- how frequent should one change the the 4 dKH solution and reagent?

    Thanks!
     
  8. mrkookm

    mrkookm Guest

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    I don't DIY my DC or solution but I have my Co2 come on 3hrs before lights on after realizing it takes about 2½~3hrs for mine to become mint tea green in my 90gal, open overflow and open sump setup. After lights out mine goes back to blue in 4~5hrs.

    No the DC isn't realtime but proper co2 evels can be assumed correct if DC is green. Recently through much reading here I have come to realize there are other factors such as plant uptake, plant mass as well as flow that can affect reatime levels.

    I usually change my solution every 2 weeks max 3.
     
  9. Crazy Loaches

    Crazy Loaches Guru Class Expert

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    2-3 hours doesnt seem that bad to me at all. My DIY design seems to take far longer. I've never really figured out how long it takes but I assume double that time. Next time I take it out to put new fluid in (soon) then I'll try to do it earlier in the day so I can observe how long it takes. I just need new reference fluid... I made my own batch (pain in the butt) accurate to within 1/2 degree KH (I measured it with double the ml of water) but somehow its gone bad. Maybe there was reminants of something in the glass mason jar I kept it in. Now, it goes green instantly when I add the pH fluid, and I've double checked that it is still within .5 of 4*KH. I'm stumped.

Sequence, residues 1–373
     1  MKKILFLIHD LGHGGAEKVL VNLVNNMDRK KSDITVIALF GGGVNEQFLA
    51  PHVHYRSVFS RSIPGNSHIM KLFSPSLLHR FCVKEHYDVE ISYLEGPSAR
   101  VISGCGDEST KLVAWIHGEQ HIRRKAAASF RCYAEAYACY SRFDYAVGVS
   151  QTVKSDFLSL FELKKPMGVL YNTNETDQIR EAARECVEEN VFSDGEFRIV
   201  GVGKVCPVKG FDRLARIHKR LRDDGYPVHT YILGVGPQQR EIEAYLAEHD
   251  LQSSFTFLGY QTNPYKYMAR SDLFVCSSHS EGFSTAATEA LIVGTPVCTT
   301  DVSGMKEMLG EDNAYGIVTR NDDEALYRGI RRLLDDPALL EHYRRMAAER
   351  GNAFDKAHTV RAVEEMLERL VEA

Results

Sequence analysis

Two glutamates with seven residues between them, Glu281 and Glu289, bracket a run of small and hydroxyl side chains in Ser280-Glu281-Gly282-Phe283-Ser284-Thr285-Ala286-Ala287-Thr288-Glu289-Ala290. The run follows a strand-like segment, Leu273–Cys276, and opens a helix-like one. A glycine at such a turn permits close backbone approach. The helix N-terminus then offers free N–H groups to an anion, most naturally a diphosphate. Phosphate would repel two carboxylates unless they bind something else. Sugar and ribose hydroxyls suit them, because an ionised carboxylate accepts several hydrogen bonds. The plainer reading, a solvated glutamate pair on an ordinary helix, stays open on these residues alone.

How much $ we talking here... hundreds? our thousands? Just curious.
     
  10. Carissa

    Carissa Guru Class Expert

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    Just an update on my drop checker.

    It does start changing color within minutes, but it probably takes about 2 - 3 hours to actually finish changing color.